Moments are monumental around the holidays, but part of the problem with the holidays is that people try to create moments instead of experiencing them. Does that make sense to anyone?
When we think of the holiday moments you might expect it to be when Grandpa George makes a toast to family, but the truth is everyone doesn’t have a Grandpa George and maybe some Thanksgivings are smaller than the great big family gathering media portrays as idyllic.
My moments are a little bit more molecular. I don’t get all giddy and warm after everyone breaks bread, but I do in the dairy section of a grocery store.
Here’s an example:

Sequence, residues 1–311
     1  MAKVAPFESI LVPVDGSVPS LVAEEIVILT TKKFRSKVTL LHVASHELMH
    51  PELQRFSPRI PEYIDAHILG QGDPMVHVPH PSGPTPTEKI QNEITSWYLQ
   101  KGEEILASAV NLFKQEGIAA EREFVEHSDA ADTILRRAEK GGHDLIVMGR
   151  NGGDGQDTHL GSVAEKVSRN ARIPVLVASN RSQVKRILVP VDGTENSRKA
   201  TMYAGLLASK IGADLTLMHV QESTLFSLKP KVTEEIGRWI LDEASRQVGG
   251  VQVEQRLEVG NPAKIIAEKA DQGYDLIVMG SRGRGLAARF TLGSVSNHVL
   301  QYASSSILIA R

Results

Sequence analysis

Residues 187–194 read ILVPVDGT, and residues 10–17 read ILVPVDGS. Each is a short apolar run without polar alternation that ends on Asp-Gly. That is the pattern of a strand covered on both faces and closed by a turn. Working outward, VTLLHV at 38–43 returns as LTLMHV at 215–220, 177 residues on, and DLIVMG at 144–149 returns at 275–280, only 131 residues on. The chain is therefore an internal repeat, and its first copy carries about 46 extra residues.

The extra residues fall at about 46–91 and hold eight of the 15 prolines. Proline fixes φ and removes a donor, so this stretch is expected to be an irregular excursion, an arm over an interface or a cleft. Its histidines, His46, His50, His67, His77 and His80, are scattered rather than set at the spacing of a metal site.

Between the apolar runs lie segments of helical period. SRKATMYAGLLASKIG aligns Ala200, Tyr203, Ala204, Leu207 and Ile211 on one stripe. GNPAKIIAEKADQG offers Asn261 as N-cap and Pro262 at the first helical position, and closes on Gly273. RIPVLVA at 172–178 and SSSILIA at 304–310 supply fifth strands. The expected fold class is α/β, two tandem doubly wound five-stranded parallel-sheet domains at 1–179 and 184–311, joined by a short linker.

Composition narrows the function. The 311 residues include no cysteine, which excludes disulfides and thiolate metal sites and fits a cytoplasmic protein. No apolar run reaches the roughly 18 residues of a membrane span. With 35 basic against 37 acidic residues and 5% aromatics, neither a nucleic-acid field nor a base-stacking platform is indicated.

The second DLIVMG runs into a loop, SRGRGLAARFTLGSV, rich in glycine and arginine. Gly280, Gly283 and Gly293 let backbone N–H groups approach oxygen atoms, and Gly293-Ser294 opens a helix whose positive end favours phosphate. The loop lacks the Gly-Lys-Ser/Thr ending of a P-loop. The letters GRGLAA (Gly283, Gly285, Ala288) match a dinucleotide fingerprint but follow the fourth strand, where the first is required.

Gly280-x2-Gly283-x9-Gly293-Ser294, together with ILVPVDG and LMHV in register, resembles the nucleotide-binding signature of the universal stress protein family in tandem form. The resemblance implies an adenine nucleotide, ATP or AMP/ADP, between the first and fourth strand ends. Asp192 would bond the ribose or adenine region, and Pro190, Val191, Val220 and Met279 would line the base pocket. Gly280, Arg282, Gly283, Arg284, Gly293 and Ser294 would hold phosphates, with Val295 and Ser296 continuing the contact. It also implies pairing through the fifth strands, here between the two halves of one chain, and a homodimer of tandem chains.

After getting off work early, I got to visit a race expo to pick up a Turkey Trot bib with 100 of my closest running friends, only to catch a ‘mojo’ coffee truck parked outside serving hot chocolate and coffee. Then I arrived at my mom’s house with my brother home which only happens once (Thanksgiving) and once again (Christmas) each year. I got home to go grocery shopping with my husband for our Thanksgiving recipe ingredients. This moment lasted the entire grocery experience. It started at the store when I first tried the Chestnut Praline latte while wrestling around 14 people to get a bunch of radicchio. After the match, I checked my list and looked around for my husband and our eyes actually met with perfect timing after waving my hands for a solid 3.5 minutes. The hustle and bustle makes me a kid with glowing wonder and excitement. I love when places are crowded with eager meal preparers. After looking at cheese with my husband, he tried the latte and we agreed it was delicious. We never agree on lattes. It was quite the moment. We hugged it out in the dairy corner of the store and I made sure to mentally note that this was my holiday moment.